Proud of Walden
Yes, Greg Walden does speak for me and I am very proud to call him my Congressman. Our country's financial picture is a joke and an embarrassment to level-thinking people. The economic condition of our country has dictated our priorities and he articulates all this very well, as I saw for myself when he was on CSPAN recently. He has sound judgment and will not be liked by many people who want the spending to continue. Marilyn Brennan Hood River
Death knell for casino
It is not looking good for a casino in Cascade Locks, regardless of how the proponents try and spin the potential final blow to their plans. First, the Secretary of the Department of Interior has to approve a Fee-to-Trust land proposal for any off-reservation casino before the governor of that state can approve a compact between a tribe and that state; not the other way around as exiting Gov. Kulongoski attempted to do two weeks ago. It is clear the proponents panicked, knowing that the soon elected three-term Gov. Kitzhaber would not sign any compact between the Warm Springs Tribe and the state of Oregon which would kill this horrendous Gorge proposal. The recent PR by the Warm Springs is misleading. They state the compact between the State of Oregon and the Warm Springs, "… has been deemed approved by the U.S. Dept. of the Interior," which isn't true. Secretary Salazar did not respond to it; which is not the same as approving it. Regardless, now Gov. Kitzhaber has veto power over Kulongoski's backdoor attempt at shirking the proper procedure. Spokeswoman Kendra Barkoff from the DOI released a statement stating, "The department will not make a final decision on any of the nine pending applications, including the Warm Springs Tribes' application, until Echohawk has completed this process later this spring." Larry Echohawk is the assistant secretary of the DOI in charge of the review process for those applications. There is no place for a 65 city block-sized casino within a National Scenic Area (the casino site is in an urban area inside the NSA) adjacent to a federally designated wilderness area. So, over 10 years later and over 25 million dollars wasted by the supposed impoverished Warm Springs tribe, where is plan B for the city of Cascade Locks? And the tribe? I have a few suggestions for the so-called deprived WS tribe: 1) put a huge NASCAR track on the reservation 2) get a company like Nike or Columbia Sportswear to set up a factory on the reservation, since they are a sovereign nation, maybe they won't have to pay taxes; or finally 3) how about putting wind turbines all over their reservation, instead of polluting the scenic Gorge with them? Paul Smith Washougal, Wash.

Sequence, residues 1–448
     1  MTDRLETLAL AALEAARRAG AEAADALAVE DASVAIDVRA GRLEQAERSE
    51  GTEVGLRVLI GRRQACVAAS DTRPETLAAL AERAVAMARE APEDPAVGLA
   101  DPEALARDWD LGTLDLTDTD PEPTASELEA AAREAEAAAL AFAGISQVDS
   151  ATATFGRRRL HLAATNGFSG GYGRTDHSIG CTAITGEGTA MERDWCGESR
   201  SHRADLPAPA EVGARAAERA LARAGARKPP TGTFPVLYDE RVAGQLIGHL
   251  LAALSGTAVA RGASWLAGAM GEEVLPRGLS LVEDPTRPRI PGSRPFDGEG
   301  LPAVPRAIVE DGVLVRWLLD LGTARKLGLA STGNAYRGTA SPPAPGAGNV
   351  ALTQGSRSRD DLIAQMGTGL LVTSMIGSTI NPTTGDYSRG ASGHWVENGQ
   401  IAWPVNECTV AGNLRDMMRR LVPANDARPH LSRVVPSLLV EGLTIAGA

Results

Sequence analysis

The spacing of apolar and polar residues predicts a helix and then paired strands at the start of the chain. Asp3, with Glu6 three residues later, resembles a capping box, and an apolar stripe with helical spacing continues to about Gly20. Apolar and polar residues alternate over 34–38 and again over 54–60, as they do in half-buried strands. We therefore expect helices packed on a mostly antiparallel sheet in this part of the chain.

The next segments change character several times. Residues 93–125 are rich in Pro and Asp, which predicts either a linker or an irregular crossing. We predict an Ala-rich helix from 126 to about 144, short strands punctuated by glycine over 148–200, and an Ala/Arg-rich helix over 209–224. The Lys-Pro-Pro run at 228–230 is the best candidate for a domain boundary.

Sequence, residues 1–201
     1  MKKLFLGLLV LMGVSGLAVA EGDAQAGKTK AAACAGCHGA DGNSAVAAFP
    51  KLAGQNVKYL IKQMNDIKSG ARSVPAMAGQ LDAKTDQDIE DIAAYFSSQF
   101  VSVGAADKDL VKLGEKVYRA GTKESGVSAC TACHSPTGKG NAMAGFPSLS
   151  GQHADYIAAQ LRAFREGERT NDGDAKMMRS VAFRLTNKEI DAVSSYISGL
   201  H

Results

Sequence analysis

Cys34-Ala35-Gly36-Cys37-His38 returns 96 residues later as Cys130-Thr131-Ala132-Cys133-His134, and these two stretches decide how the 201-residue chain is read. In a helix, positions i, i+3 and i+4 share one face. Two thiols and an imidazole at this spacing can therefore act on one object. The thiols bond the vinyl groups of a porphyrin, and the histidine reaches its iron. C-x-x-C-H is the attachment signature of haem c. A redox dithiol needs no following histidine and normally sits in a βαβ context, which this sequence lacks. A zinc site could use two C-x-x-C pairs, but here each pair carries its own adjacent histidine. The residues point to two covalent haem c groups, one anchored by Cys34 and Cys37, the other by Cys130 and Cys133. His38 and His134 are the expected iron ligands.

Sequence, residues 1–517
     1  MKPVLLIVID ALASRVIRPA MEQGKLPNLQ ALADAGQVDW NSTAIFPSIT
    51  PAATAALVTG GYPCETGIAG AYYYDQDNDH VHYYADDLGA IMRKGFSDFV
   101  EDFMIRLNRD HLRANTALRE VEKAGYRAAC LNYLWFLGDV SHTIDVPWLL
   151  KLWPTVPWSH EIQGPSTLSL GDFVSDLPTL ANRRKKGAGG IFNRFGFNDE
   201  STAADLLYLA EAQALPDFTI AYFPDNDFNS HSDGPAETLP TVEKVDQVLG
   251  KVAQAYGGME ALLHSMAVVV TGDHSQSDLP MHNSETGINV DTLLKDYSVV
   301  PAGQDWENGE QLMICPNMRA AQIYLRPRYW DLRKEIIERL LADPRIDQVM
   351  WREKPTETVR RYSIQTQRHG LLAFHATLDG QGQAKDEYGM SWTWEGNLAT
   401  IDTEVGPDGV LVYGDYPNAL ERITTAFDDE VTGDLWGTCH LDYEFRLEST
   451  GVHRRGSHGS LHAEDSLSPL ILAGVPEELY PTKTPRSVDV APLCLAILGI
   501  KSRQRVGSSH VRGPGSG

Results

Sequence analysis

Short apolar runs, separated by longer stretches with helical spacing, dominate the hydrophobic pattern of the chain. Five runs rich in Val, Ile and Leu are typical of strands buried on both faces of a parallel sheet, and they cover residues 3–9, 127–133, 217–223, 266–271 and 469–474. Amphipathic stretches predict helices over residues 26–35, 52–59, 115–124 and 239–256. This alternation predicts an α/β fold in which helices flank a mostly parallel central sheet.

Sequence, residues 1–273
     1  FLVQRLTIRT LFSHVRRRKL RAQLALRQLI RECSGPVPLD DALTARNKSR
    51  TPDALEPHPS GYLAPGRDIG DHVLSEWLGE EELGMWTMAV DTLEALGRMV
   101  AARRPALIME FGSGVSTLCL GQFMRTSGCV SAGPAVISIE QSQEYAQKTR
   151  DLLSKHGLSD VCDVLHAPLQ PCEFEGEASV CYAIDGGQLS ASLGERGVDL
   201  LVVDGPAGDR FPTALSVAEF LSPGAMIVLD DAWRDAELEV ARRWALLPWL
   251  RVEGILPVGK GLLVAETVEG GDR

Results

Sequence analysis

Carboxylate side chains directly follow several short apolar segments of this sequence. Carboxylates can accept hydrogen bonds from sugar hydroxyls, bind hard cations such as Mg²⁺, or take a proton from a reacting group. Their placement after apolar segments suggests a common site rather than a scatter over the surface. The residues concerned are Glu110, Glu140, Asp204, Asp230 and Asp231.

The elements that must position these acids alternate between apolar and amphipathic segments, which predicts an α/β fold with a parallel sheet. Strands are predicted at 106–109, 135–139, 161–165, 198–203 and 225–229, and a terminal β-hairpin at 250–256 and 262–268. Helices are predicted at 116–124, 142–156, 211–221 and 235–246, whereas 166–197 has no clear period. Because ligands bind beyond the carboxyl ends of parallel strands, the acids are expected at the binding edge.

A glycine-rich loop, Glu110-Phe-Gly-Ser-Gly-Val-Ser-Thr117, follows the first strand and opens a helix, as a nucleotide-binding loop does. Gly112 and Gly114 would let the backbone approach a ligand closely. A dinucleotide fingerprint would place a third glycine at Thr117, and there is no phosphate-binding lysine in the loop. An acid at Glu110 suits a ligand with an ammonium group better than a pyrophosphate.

Hope for the future